The choice of an Executor or Executors to administer your estate in accordance with your Will is a very important decision.
There is no legal requirement to appoint a professional Executor such as a Solicitor, Accountant or Bank. If you do not have complicated financial affairs, your Will is straightforward and you do not consider there is any likelihood of a dispute regarding your Will, then you may not consider it necessary to appoint a professional Executor.
In many straightforward cases a family member or friend may be considered suitable and able to carry out the task. However, the office of an Executor can be an onerous task with the legal responsibilities and a risk of personal liability if the estate suffers loss as a consequence of the actions (or lack of action) of the Executors. It is important to appoint someone who you consider is trustworthy, will deal efficiently with paperwork and will act impartially to carry out your wishes.
It is always possible for the Executor(s) appointed to instruct a professional person (such as a Solicitor) to act on their behalf to administer your estate. The professional person’s charges may be met out of the estate and the Executor(s) will be able to agree with the professional person the manner in which his charges will be calculated.
There are, however, many instances where you may consider it appropriate to appoint a professional Executor. Some examples of those instances may be as follows:
- Where your financial affairs are complex involving, for example, business or agricultural assets, foreign assets or a large estate where the Inheritance Tax and other taxation implications may be complicated.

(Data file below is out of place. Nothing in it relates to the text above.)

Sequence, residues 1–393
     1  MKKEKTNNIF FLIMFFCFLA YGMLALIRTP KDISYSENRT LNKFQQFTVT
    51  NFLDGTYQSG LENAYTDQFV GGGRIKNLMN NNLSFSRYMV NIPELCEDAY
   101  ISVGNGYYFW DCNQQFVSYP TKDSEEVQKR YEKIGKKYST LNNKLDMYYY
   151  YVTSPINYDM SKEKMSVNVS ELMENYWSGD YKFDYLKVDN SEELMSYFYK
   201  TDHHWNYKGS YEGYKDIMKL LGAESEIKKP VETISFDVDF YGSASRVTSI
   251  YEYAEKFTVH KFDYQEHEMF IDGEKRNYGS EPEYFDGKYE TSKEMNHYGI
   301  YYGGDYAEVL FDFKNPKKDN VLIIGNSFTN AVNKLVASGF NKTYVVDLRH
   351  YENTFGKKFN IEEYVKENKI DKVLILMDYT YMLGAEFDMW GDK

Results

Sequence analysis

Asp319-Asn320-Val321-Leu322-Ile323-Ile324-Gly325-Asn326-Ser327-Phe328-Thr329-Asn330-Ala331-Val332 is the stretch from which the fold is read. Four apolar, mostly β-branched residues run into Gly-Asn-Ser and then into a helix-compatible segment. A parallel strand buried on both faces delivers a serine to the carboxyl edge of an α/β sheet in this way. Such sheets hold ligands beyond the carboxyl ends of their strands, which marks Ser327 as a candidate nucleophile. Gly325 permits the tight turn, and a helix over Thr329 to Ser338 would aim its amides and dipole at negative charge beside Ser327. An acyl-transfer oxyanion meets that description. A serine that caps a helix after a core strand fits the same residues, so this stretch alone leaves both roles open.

- Where your Will is complex including a number of gifts and setting up trusts.
- Where you anticipate that the beneficiaries will not agree and there will be some benefit by having an impartial professional Executor to act.
- Where you consider there is a likelihood of the provisions of the Will being disputed.
- Where there is another Will made in another jurisdiction dealing specifically with the assets in that jurisdiction.
Hegarty Solicitors are willing to act as Executors in appropriate cases when asked to do so and in that event the firm would charge for acting as Executor. It should, however, be noted that there is no further charge for appointing the firm to be the Executor and the charges only arise following your death.
It is difficult to envisage the likely cost of dealing with your estate as hopefully our services will not be required for many years. By way of guidance, where the firm is currently acting as Executor then we calculate our charges to ensure that they are fair and reasonable (bearing in mind the factors contained in the Solicitors’ (Non Contentious) Business Remuneration Order 2009). Currently, our charges are calculated primarily by reference to the time spent by the person carrying out the work at an hourly rate of charge. In some circumstances there may be, in addition, an element relating to the value of the estate and currently that element is assessed as a maximum of:
1.5% of the gross value of the estate excluding the main residence
In the vast majority of cases the firm is able to provide an accurate estimate as to the likely total charges following the death. In a number of situations the firm is willing to provide a fixed fee quotation.
There may be occasions following a death where we are asked to step down from the office of Executor. This is called renouncing the appointment. This does place us in a difficult position as we do consider that we have a duty to you if you have asked us to act as Executor but having said this we are always willing to consider renouncing our appointment where all of the beneficiaries ask us to do so and we do not consider that there is any risk to the estate.